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Wisconsin’s Economy Shrinks By Nearly 33 Percent Between April And June

Numbers Mark Highest Quarterly GDP Drop Since Feds Started Tracking In 2005

'Closed' sign outside of business
In this April 28, 2020 file photo, a closed sign is posted at a restaurant along the River Walk in San Antonio. Eric Gay/AP Photo

Wisconsin’s economy shrunk by an annual rate of 32.6 percent between April and June compared to the first three months of 2020, according to new numbers released Friday from the federal Bureau of Economic Analysis, an agency within the U.S. Department of Commerce.

The drop is the highest recorded by the agency since it started tracking quarterly GDP figures for states in 2005. It dwarfs some of the worst losses seen in past quarters, which hover around 8 percent.

Friday’s numbers provide a fuller picture of the economic toll of the coronavirus, reflecting the effects of Democratic Gov. Tony Evers now-defunct stay-at-home order which shut down whole sectors of the state’s economy, along with months of layoffs leading to a spike in unemployment claims, and widespread uncertainty throughout all levels of the economy.

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The Bureau of Economic Analysis reports GDP numbers as an annual rate, meaning if Wisconsin’s economy continued to contract at the pace seen between April and June through the end of the year, the economy would have shrunk by 32.6 percent.

“This is a huge drop. Of course this is a huge drop,” said Kundan Kishor, professor of economics at the University of Wisconsin-Milwaukee.

Menzie Chinn, a professor of public affairs and economics at UW-Madison, agreed.

“It is massive,” Chinn said. “It’s unprecedented in terms of how fast it hit and how deep.”

All 50 states and the District of Columbia saw declines in GDP during the second quarter.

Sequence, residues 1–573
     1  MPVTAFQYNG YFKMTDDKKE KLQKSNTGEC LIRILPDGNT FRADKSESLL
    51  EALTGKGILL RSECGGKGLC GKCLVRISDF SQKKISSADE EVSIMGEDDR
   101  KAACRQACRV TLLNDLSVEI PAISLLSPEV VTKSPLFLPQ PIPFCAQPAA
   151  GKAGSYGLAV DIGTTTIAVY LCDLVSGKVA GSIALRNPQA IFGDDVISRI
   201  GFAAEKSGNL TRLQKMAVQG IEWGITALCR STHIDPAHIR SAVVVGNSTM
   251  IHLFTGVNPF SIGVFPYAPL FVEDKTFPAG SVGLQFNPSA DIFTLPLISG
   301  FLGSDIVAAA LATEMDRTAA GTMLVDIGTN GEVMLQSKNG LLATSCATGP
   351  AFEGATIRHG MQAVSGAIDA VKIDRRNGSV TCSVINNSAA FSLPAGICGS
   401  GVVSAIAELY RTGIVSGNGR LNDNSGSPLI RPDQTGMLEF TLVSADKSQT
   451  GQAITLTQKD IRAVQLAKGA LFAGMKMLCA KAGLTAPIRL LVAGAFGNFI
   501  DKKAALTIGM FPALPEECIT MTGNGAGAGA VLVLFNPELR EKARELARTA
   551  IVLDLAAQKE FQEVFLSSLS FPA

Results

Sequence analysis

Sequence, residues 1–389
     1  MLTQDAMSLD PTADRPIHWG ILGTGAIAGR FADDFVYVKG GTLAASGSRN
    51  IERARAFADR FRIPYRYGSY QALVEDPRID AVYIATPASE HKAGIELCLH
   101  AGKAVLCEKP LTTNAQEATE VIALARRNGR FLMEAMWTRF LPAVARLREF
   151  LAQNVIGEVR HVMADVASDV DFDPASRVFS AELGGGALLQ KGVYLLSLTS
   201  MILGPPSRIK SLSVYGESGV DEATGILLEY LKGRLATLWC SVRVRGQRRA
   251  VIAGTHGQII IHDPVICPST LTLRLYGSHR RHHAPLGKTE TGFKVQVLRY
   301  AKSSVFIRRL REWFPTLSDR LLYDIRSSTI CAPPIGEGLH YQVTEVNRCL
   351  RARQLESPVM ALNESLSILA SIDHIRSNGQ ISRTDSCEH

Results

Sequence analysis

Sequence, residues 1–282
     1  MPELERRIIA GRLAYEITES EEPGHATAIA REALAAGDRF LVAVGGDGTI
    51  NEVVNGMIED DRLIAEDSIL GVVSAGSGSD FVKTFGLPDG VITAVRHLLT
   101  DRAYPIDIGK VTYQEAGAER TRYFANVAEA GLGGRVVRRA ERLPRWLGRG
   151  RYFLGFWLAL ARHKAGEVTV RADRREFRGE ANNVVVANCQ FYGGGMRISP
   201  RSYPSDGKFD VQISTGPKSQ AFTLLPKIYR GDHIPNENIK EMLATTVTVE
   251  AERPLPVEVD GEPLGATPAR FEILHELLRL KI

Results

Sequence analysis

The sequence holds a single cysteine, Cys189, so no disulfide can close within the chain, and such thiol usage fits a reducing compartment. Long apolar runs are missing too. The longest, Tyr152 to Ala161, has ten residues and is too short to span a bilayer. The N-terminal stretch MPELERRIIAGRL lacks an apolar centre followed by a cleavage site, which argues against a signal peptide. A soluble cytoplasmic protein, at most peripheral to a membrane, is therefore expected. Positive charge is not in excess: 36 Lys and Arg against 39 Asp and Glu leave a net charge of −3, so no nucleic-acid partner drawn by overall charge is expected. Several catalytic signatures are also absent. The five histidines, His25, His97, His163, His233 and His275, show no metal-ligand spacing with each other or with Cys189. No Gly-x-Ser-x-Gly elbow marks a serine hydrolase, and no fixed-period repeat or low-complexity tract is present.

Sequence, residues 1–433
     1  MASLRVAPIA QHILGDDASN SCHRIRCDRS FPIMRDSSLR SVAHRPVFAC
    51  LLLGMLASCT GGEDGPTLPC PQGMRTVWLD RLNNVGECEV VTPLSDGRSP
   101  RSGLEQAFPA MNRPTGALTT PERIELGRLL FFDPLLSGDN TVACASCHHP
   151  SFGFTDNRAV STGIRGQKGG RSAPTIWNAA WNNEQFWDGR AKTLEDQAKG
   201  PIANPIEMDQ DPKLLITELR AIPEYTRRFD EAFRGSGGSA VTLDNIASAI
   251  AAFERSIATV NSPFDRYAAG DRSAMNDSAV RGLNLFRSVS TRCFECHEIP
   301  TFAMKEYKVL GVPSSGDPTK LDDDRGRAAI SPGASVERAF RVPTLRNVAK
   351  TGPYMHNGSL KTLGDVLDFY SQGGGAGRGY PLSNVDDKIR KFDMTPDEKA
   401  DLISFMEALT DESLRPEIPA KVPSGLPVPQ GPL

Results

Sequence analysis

Both Kishor and Chinn noted that, despite the size of the drop in Wisconsin, the state is about average when compared to declines in GDP seen in other states. Wisconsin is also on par with the 31.4 percent GDP drop seen nationally in the second quarter.

Chinn added that the economic pain caused by the pandemic has not been shared equally.

“Some people, particularly white collar workers, office workers, probably didn’t experience as big a negative impact in their incomes and in being laid off than people who are in the service industry,” Chinn said.

Wisconsin’s economy totaled $314 billion in the second quarter of 2020, down from $348 billion in the second quarter of 2019.

The state’s losses put it virtually in line with the contraction seen across the five-state Great Lakes region, which shrunk overall at an annual rate of 32.8 percent. Among the Great Lakes states, Illinois’ economy fared the best in the second quarter, and Michigan saw the biggest losses.

Between January and March, the Bureau of Economic Analysis reported a revised drop in Wisconsin’s GDP at an annual rate of 8.8 percent compared to the last three months of 2019. Those first quarter figures only captured the very beginning of the economic effects of the coronavirus outbreak in March.

The sectors that slowed down growth the most were durable goods manufacturing, health care and social assistance, and hotels and the food service industry.

Gross domestic product is one of the widest measures of economic activity, and it’s seen as a key indicator of the health of an economy. It measures the costs of all goods sold, like tools and supplies purchased at a hardware store, and all services provided, like a plumber getting paid to fix a leaky pipe.

Kishor expects to see positive growth for Wisconsin again in the third quarter, which covers July through September, but overall for the year, he expects GDP growth to be negative.